Teach kids savvy financial skills that are especially crucial these days

Start the process as soon as your young people start asking you to buy things for them

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In today’s climate of rising costs, it has become crucial to learn savvy financial skills to balance our budgets and not rely on credit to cover any shortfalls. But it’s not only a good idea for us to learn how to better manage our money, it’s equally important to teach our children.

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You can start this process as soon as your children start asking you to buy things for them. That means they’re ready to start learning about money, but before they can spend, they need to have a way to earn it. An allowance is often the first way children receive money. Decide if you want to tie it to age-appropriate tasks or give it strictly as a learning tool. I found that tying my children’s allowance to household chores required a lot of follow-up before I could pay them.

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Depending on what you can afford and what your child is expected to do with their allowance, a weekly sum of 50 cents to $1 per year of age is a good rule of thumb. This means your four-year-old would receive $4/week and your 10-year-old $10/week.

Next, choose how you want to manage the allocation.

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It will be more of a visual lesson to start by giving them money to put in their piggy bank. As they get older and understand the concept of electronic banking, you may want to move to weekly automatic transfers to their own account or to a joint account with you.

Next, encourage your child to set a goal for something they would like to buy. It’s a great way to teach them about savings and delayed gratification, which is worth mastering before they’re old enough to get credit.

For example, let’s say the toy they want costs $29.99 plus tax. In Manitoba, it’s $33.59. Help them calculate how many weeks it will take them to reach this goal given the amount they receive from their weekly paydays. Consider creating a savings goal poster to help them visualize their progress.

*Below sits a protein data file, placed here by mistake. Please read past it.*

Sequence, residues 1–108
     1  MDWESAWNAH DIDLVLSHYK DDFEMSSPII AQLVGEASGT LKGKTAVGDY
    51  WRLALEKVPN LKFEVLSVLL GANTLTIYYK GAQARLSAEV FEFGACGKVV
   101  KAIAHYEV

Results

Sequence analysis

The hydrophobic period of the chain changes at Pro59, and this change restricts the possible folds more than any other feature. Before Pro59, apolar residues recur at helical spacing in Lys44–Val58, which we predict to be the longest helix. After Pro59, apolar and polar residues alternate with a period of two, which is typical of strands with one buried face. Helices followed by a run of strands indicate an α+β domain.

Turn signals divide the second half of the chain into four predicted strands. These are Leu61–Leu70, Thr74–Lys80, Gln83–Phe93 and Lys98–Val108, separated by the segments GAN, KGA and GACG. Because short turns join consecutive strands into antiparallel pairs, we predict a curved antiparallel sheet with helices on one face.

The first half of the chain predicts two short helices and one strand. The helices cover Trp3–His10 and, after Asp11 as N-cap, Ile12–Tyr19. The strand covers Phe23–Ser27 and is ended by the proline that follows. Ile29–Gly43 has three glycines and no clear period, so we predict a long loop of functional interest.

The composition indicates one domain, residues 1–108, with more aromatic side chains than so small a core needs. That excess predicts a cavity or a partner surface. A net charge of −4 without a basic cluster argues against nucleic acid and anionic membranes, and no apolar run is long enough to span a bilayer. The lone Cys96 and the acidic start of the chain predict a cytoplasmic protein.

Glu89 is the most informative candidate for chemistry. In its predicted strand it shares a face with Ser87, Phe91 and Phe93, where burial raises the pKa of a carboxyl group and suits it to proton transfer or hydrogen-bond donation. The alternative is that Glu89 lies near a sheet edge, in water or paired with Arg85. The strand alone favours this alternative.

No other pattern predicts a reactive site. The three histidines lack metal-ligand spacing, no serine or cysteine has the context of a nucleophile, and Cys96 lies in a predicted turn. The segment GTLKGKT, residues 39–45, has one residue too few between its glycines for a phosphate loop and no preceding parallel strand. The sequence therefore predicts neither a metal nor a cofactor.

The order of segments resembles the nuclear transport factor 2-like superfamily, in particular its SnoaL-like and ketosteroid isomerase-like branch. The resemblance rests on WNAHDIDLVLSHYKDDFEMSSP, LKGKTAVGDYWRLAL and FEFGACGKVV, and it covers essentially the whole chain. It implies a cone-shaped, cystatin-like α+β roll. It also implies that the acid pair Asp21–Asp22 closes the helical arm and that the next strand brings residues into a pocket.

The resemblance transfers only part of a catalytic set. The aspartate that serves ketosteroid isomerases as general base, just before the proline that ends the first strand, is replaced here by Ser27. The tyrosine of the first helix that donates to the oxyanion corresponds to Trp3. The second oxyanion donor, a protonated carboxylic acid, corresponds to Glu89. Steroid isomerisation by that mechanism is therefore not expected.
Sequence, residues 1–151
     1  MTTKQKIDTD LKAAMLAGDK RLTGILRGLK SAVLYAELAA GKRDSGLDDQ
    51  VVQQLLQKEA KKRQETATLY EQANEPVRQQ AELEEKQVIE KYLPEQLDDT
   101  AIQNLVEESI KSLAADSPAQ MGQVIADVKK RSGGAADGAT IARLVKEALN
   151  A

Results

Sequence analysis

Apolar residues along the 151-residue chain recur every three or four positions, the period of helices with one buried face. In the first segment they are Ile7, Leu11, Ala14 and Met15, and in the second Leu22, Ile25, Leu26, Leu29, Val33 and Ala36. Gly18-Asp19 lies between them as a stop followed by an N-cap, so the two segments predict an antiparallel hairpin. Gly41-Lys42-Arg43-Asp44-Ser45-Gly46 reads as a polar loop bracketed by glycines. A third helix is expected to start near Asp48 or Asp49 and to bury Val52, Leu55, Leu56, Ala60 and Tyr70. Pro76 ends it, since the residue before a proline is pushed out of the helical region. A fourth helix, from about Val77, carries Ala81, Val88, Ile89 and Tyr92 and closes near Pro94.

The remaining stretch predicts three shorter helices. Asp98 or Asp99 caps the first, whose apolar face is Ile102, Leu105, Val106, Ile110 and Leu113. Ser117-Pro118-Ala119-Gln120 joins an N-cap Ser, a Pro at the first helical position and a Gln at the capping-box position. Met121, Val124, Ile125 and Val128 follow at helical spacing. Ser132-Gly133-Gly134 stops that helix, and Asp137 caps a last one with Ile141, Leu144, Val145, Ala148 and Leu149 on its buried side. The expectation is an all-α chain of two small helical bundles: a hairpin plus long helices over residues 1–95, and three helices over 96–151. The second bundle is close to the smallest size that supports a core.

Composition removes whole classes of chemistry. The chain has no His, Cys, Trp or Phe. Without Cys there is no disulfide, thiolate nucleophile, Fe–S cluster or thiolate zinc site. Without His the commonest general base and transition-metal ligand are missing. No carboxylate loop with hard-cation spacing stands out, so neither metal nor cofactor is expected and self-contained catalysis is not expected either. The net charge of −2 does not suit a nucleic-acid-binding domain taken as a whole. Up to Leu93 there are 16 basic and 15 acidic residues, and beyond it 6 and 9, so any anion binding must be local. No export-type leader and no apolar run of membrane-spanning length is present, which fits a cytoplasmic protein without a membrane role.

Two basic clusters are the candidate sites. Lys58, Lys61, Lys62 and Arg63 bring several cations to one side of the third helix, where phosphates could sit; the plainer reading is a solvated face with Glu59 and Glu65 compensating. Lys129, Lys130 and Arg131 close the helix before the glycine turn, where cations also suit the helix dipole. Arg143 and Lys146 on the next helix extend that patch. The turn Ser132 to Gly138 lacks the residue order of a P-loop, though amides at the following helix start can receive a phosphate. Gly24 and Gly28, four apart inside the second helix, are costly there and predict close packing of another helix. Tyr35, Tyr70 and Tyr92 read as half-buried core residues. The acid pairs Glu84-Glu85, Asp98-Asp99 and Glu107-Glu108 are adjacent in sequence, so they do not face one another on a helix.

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As children grow and become more interested in spending, teach them the time value of money. This aligns how long someone has to work to earn money to buy an item.

We’ve used this tactic with our own kids whenever they wanted a new item that wasn’t a necessity. It helped them understand the value of our time and that there are limits to what we can afford. If your child thinks he should be able to buy a desired item faster, this process will provide him with a good opportunity to teach him to work harder for more immediate gain.

You can facilitate this by allowing them to do extra tasks to earn extra spending money. However, avoid encouraging them to think that they are paid to do their share of helping around the house. Instead, make sure they understand that the work they are doing goes beyond what is regularly expected and will therefore result in additional income.

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Another option to help your impatient child reach their goal faster, and at the same time teach them about credit, is to lend them money. Before doing so, be sure to define the terms of the loan: how much the payments will be, when they must be made, and how long your child must pay off the debt. Don’t set a payment so high that he has no allowance left to spend/save each week.

For an older child, consider a little interest to teach him the cost of borrowing. Show your child their progress by tracking their payments through to loan repayment. Let them know they can pay off the debt sooner if they want, and if you charge interest, that can teach them how that will reduce the total amount they have to pay.

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Taking your kids shopping regularly can help them learn to be a savvy shopper. This gives them a good opportunity to understand how much things cost, how comparison shopping works, how to budget within a limit, and the role marketing plays on their spending choices.

Share your best tips and tricks with them while they’re still happy to come shopping with you, or have fun learning together how to save or wait for what you want to put on sale.

Above all, remember that your children are watching everything you do and learning their attitudes about money from you. Show them good financial habits, but don’t worry if you don’t have it all figured out and find yourself relying on credit to supplement your income. Contact a nonprofit credit counselor for free advice on managing your money. It’s never too late to learn.

Sandra Fry is a credit counselor in Winnipeg with the Credit Counseling Society, a not-for-profit organization that has been helping Canadians manage their debt for over 25 years.

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